Coronavirus crisis no excuse for discrimination in workplace – leader comment

Survey finding one in four women who were either pregnant or on maternity leave were treated unfairly – for example by being singled out for redundancy of furlough – is shocking and unacceptable.

TUC general secretary Frances O'Grady said employers were putting women's lives and the health of their unborn babies at risk (Picture: Danny Lawson/PA Wire)

It is often said that a crisis brings out the best in some people, the worst in others. It is a time when we can learn a lot about ourselves and the people we know, with friendships and loyalties both forged and broken.

The coronavirus outbreak was one such crisis that brought out the best in NHS staff and others who put themselves in harm’s way for the sake of others.

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A main plank of the response to the virus, the lockdown, saved the lives of 470,000 people in the UK, according to a recent scientific paper in the leading journal Nature, but it also created a serious crisis in our economy. Many employers and staff have risen to this challenge but, regrettably, it appears that some have allowed it to adversely affect their judgment.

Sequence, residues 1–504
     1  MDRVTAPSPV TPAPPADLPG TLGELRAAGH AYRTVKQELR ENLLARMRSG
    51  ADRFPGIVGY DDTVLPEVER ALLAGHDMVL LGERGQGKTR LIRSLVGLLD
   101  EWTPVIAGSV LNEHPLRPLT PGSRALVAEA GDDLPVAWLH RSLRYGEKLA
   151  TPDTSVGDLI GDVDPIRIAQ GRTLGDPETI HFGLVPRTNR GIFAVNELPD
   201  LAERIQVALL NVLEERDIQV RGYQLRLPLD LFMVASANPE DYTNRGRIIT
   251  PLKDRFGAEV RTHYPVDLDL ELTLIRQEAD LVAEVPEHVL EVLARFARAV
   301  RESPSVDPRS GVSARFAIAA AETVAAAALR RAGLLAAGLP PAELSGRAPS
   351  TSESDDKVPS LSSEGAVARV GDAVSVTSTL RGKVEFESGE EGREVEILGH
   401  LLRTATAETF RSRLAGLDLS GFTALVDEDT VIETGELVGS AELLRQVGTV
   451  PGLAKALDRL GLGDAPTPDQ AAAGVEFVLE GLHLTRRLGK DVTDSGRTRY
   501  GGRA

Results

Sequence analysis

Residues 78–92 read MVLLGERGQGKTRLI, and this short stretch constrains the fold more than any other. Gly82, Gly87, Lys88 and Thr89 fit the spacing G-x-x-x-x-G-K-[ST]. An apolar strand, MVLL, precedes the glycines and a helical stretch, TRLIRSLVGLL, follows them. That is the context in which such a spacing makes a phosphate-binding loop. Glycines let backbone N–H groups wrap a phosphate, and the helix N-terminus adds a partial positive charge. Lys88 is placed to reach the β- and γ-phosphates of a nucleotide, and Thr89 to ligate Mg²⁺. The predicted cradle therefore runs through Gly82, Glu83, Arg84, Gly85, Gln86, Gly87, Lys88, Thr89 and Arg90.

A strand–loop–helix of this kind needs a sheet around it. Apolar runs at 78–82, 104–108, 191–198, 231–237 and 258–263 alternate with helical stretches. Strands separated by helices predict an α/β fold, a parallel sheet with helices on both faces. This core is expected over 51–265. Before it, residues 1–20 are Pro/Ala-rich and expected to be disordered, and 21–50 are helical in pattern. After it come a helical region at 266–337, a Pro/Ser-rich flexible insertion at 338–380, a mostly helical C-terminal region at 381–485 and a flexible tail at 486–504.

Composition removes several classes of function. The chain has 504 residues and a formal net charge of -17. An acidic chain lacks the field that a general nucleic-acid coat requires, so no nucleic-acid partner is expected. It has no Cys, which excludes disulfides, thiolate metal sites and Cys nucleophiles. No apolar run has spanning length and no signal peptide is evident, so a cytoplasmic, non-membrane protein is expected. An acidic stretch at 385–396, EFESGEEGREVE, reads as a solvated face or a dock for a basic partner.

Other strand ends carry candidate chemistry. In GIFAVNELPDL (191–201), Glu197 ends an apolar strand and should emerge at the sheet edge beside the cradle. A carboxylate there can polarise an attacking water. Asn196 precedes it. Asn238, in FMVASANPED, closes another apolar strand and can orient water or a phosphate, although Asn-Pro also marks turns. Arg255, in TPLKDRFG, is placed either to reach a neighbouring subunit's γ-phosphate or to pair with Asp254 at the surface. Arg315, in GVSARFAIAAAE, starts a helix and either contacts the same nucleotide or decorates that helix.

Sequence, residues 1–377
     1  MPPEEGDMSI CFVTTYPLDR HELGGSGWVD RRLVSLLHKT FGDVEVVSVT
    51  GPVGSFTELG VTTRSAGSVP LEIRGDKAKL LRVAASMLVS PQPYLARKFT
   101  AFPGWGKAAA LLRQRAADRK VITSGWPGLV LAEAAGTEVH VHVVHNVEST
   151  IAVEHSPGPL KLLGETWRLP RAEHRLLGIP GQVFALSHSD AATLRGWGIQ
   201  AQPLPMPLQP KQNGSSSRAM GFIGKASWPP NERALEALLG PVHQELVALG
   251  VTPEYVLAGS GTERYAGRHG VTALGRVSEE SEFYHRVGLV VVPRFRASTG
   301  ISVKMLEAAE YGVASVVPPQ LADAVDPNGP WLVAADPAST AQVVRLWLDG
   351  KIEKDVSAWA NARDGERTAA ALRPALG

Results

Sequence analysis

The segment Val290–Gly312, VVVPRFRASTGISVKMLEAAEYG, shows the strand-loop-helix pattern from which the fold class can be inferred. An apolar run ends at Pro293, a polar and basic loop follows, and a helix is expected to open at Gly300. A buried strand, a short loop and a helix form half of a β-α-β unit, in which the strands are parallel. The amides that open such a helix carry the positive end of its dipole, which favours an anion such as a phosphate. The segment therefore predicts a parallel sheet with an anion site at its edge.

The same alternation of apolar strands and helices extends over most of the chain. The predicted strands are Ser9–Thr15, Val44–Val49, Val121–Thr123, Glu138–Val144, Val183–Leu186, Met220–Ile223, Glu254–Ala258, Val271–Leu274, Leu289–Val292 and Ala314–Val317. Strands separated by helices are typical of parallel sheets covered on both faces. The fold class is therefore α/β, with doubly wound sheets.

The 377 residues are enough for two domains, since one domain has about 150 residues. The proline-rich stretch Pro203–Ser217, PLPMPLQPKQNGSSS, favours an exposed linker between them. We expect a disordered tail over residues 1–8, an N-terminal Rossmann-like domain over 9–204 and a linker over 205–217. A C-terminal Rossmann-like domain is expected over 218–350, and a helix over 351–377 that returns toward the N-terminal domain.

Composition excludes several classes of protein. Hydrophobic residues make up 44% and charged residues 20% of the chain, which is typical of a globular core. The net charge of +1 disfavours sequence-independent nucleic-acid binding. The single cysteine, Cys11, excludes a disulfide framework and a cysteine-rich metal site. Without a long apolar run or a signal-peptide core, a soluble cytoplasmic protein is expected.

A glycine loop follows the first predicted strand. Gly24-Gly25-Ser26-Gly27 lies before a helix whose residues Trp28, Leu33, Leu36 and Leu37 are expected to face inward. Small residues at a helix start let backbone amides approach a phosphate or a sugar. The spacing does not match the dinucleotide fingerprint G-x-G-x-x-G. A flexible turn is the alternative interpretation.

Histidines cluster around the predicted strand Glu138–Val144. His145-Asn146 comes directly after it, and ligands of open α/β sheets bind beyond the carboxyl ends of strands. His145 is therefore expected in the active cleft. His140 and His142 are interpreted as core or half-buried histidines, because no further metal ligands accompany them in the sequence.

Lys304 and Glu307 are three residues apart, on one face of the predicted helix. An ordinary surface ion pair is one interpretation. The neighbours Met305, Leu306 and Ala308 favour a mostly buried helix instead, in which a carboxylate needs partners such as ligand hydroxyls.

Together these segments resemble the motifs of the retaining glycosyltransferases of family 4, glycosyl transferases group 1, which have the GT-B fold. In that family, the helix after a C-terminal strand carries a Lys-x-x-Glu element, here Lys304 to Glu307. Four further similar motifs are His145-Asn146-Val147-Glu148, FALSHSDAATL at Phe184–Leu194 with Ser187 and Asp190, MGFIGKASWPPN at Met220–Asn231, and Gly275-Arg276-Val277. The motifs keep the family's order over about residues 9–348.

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Discrimination against pregnant women in the workplace has no place in modern society. And yet, according to a new survey of 3,400 women who were either pregnant or on maternity leave during the pandemic, one in four reported being treated unfairly, for example by being singled out for redundancy or furlough. The TUC’s general secretary, Frances O’Grady claimed employers were “routinely flouting health and safety law... [putting] women’s lives, and the health of their unborn babies, at risk”.

It is clear that many companies are facing extremely challenging conditions but this is no excuse to start abandoning fundamental moral values that have become universally accepted among all decent-minded people.

The main reason is because it is unjust and simply wrong to treat the women involved in this way. As a society, we should be working towards ending such out-dated attitudes and prejudices, not reverting back to them, so that women are no longer penalised in the workplace because they give birth to the next generation and that the pay gap is closed.

It is also in the cold, hard, economic interest of any company to make sure they employ the most capable staff. Mistreating and/or excluding a large section of the population is a serious mistake.

But morality is not about self-interest. It’s about doing the right thing, for its own sake, however bad a crisis we face.

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